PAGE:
The box dutifully opened once I got home — but how accurately would the various distances recorded allow me to determine the goal, if I didn’t know it in advance? I entered the corresponding circles into MapPoint, and got the result I was looking for — intersecting arcs well within half a block of the goal. The box really worked — and just in time: my wife’s birthday was that weekend. I prototyped a hollow block of ABS plastic with an inscription (it helps keep the wires under control), and covered up the electronics with a piece of green construction paper.
Finally, it was showtime. I reset the box, loaded it with some nice opal-and-silver jewelry (I’m not totally clueless!), and set the destination for the parking lot of Longwood Gardens.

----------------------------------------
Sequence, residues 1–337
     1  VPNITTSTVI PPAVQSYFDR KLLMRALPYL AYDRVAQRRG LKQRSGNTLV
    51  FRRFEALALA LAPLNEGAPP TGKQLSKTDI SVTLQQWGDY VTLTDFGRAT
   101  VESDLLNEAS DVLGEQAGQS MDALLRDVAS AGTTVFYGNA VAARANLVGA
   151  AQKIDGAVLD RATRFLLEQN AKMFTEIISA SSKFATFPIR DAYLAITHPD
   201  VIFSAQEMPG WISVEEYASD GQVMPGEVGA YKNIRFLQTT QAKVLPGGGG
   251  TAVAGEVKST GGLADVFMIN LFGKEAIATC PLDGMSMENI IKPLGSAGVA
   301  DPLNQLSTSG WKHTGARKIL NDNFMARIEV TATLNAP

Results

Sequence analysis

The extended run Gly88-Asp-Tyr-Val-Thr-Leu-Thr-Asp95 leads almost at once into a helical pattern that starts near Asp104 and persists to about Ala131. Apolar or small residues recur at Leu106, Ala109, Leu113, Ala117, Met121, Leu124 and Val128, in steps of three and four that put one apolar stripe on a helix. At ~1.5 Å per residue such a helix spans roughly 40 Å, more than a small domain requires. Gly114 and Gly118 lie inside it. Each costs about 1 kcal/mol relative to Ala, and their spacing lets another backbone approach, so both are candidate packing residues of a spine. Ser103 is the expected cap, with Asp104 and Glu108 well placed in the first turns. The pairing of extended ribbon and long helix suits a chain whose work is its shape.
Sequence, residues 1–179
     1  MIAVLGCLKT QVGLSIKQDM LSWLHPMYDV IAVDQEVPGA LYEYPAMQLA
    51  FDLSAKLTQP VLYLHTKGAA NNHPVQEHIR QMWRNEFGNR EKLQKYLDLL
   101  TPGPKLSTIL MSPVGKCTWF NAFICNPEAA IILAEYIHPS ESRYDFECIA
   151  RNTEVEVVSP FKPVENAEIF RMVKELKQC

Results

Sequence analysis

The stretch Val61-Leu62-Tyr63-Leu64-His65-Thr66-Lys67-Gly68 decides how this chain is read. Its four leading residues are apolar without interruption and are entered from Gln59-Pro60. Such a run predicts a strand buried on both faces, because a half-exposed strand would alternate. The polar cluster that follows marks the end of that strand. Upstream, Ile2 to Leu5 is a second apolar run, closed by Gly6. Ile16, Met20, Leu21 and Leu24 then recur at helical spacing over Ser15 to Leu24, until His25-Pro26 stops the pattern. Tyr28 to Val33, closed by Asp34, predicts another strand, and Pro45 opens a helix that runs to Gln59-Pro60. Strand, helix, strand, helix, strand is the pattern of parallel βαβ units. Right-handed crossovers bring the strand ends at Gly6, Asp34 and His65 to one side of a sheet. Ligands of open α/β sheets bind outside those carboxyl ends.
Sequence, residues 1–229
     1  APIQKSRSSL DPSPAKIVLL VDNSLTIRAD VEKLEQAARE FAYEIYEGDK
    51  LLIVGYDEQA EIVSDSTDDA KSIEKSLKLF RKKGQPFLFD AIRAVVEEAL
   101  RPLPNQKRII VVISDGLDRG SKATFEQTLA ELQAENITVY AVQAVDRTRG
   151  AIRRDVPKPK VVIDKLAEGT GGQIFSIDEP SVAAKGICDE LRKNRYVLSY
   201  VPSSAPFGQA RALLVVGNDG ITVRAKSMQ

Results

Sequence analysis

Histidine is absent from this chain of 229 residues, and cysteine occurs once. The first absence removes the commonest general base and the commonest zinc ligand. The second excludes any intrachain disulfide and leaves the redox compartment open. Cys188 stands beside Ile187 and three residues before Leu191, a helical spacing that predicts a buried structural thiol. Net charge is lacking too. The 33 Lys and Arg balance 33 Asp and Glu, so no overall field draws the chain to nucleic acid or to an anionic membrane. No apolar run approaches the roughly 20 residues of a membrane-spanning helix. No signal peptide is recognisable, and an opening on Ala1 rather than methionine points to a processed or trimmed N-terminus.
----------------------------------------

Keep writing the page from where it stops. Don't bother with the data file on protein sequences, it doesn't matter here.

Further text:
How did my wife react? Well, the “practical” / “impatient” side almost won out. Once she determined that the box wasn’t going to open right then and there, she discussed encouraging it to open using a screwdriver and/or a hammer. (Like I said, she’s very practical that way.) I convinced her to give solving the puzzle a try, though, and we set off (laptop and PICKIT2 debugger along just in case).
“Which way should we go,” she asked. I shrugged and said the box just seemed to give a distance, not a direction. She decided that it might be somewhere west (statistically, a good guess; we go that way a lot), so we set off down I-76. The distances started decreasing, so we were on the right track.